The foreign legal community responded with its own letter October 24, signed by 11 international firms, including Baker & McKenzie, Allens, Freshfields, and Gide Loyrette Nouel. The international firms called the distinction between foreign and domestic firms “archaic,” noting: “Many of us have localized and become more and more Vietnamese, by virtue of the increasing number of Vietnamese citizen lawyers in leadership positions in our firms, or by establishment of family relationships in Vietnamese society.”
 
In their letter, the foreign firms also noted that they had helped Vietnam attract foreign investment and said the presence of international firms in the market continued to give foreign companies comfort. The fact that that was still necessary, they argued, was a major difference between Vietnam and some of the other, more restrictive Asian markets cited by the local firms in their letter.
 
“The role of foreign lawyers, and foreign law ‘brands’ that are well-known in their relevant jurisdictions in helping foreign clients navigate and become comfortable with what is perceived to be an unusual or difficult jurisdiction (unlike Singapore or Korea, which are the focus of the letter) should not be underestimated,” the foreign firms wrote.
 
Burke, who led the response by international firms, says the local firms’ push for more restrictions may be due to Vietnam’s relatively weak economy. Though often seen as a smaller version of China, Vietnam has lagged in economic development due in large part to widespread corruption. Foreign investment in the country has slowed in the past year, and the real estate market has dropped sharply as well, feeding fears of a coming economic crisis.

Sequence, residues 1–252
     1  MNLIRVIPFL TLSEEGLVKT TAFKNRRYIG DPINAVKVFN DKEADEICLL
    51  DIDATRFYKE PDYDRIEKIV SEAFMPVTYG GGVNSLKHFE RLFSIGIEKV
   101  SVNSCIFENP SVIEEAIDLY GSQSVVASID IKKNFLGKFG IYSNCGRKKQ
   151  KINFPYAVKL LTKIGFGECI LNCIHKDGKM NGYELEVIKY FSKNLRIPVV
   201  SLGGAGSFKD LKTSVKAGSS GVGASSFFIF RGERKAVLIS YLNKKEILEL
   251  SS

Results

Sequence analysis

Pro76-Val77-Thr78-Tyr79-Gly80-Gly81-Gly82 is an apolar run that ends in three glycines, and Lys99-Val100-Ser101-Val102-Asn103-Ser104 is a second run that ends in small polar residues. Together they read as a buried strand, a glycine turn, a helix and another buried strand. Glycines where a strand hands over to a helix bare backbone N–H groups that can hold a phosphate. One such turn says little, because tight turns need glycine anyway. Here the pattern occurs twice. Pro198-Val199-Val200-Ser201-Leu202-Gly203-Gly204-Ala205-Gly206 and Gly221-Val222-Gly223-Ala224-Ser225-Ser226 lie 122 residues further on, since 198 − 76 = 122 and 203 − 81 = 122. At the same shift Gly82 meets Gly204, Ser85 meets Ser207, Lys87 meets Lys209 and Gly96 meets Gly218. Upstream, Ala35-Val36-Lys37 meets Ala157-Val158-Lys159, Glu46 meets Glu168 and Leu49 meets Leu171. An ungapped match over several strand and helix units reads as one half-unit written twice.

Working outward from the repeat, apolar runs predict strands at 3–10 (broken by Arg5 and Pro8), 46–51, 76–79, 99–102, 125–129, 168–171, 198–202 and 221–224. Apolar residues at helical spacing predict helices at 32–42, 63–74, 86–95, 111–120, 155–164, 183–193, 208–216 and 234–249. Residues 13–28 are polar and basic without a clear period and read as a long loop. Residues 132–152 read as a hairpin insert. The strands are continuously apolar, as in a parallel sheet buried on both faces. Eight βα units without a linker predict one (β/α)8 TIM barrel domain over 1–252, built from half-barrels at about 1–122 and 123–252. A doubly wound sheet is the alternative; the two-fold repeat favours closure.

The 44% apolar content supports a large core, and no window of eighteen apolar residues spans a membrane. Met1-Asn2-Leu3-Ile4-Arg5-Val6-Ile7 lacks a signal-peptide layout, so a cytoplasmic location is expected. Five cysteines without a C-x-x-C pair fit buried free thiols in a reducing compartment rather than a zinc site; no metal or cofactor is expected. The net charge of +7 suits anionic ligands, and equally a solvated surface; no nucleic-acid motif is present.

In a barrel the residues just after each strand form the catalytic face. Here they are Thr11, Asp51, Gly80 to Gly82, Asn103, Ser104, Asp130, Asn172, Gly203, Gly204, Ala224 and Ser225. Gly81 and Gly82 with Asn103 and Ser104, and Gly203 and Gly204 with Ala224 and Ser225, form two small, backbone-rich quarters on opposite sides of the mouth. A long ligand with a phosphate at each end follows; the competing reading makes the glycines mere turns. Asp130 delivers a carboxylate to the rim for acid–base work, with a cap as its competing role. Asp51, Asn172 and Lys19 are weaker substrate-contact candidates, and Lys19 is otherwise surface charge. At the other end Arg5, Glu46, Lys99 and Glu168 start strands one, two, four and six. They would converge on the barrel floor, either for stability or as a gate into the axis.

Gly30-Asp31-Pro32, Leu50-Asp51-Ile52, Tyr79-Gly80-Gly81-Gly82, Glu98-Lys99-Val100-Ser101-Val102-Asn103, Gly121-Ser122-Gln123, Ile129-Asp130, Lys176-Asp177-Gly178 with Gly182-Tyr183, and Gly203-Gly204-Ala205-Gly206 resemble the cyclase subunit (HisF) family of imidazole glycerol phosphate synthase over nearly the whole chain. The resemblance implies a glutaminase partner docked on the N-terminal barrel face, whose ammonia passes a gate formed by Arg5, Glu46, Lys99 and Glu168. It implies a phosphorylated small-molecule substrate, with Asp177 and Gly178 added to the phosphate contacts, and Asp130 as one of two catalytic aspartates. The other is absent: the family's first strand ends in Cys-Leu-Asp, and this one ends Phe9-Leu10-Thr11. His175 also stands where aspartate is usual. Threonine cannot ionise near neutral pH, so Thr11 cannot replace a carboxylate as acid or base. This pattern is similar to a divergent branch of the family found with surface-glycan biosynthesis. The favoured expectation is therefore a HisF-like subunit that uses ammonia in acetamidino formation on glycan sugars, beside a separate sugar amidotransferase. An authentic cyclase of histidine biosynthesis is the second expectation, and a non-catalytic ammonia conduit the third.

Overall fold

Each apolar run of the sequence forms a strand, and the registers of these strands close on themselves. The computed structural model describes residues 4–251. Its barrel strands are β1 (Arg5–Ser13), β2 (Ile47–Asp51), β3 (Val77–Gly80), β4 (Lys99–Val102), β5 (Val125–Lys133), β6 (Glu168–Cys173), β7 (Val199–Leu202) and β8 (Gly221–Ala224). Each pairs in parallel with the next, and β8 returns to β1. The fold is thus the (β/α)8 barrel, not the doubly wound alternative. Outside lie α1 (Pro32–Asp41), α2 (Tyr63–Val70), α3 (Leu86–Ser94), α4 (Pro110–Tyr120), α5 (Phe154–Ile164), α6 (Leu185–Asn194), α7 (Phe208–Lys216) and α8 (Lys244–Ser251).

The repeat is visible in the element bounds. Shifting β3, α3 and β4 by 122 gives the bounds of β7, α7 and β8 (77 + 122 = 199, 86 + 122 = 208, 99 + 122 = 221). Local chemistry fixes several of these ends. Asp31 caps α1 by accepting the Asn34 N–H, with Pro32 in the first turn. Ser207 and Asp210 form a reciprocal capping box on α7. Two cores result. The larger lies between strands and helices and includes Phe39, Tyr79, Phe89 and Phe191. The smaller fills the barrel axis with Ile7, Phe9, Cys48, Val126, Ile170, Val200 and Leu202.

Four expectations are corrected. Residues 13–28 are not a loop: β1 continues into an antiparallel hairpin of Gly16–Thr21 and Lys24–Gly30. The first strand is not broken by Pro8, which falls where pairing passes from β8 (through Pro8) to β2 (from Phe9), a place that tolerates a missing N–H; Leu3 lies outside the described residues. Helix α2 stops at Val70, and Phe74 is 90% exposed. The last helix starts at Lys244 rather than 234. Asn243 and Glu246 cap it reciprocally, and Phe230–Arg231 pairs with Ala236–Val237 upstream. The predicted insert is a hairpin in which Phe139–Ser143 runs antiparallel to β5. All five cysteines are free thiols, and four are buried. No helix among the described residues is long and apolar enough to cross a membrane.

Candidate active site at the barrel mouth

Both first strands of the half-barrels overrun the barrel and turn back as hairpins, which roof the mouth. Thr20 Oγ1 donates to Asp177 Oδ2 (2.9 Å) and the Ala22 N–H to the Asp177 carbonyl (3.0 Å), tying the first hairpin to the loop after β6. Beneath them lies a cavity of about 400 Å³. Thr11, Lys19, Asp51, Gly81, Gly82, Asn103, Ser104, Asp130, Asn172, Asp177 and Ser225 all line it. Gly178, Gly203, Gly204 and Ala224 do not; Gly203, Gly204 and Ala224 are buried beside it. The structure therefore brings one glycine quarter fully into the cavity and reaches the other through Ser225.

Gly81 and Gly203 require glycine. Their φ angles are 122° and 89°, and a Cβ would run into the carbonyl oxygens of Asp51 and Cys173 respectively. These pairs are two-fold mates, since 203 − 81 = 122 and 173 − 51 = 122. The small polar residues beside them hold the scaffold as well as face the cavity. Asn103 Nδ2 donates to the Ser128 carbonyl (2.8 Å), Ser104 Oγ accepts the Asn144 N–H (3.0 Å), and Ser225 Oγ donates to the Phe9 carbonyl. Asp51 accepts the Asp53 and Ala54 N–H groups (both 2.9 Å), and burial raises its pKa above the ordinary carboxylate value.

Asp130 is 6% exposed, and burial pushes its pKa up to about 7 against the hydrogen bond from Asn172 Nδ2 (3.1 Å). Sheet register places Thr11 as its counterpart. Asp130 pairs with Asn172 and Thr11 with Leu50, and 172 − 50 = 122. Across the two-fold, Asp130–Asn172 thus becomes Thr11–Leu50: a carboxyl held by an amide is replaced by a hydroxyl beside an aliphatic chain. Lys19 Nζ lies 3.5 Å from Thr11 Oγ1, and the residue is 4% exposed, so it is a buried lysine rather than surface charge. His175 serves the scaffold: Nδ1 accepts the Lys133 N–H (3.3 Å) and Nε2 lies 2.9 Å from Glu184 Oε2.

“Neither Vietnamese nor foreign firms are getting the easy work they used to get in the boom years, and the weak economy, coupled with some powerful new market entrants, is a challenge for the industry,” says Burke. Perhaps the most notable new entrant has been  Allen & Overy, which opened Hanoi and Ho Chi Minh City offices  earlier in the year.
 
But Truong Nhat Quang, managing partner of YKVN, dismisses the idea that local firms are motivated by fear of competition.
 
“We are not trying to narrow the scope of work foreign firms can do but are asking for the current laws to be more strictly enforced,” he says. “It is not to create any additional obligations for foreign firms but to maintain consistency and ensure compliance with existing Vietnamese law and [World Trade Organization] commitments in respect of the operation of foreign lawyers in Vietnam and enforcement of the law in practice.”
 
Vilaf’s Tung also says the local firms’ recommendations were not meant to be antagonistic to international firms.
 
“Personally, I enjoy good friendships with many foreign colleagues practicing international laws in Vietnam,” he says. “We often support each other. I and many other local lawyers benefit from opening markets for foreign law firms. We look forward to seeing more foreign law firms practice international laws and bringing clients to invest in Vietnam.”
 
Indeed, YKVN and Vilaf began life, respectively, as the Vietnam offices of White & Case and Clifford Chance, becoming independent after those two foreign firms left the market. They are generally regarded as the leaders among Vietnamese firms and also the main local competitors to international firms.
 
Truong says he is uncertain what will happen next but that the various submissions will be considered by the ministry and Vietnam’s National Assembly, which will have to approve any amendments to the Lawyers Law.
 
Burke says he hopes the government keeps in mind the contributions foreign firms have made to the Vietnam legal community, in terms of training Vietnamese lawyers and also helping develop the local legal system, efforts he says add up to “millions of dollars in professional time” per year. He says many local lawyers recognize these benefits and have not joined their peers in calling for more restrictions on foreign firms.
 
“It is a matter of principle. The open market has been very beneficial for Vietnam,” says Burke.
 
Email: jseah@alm.com .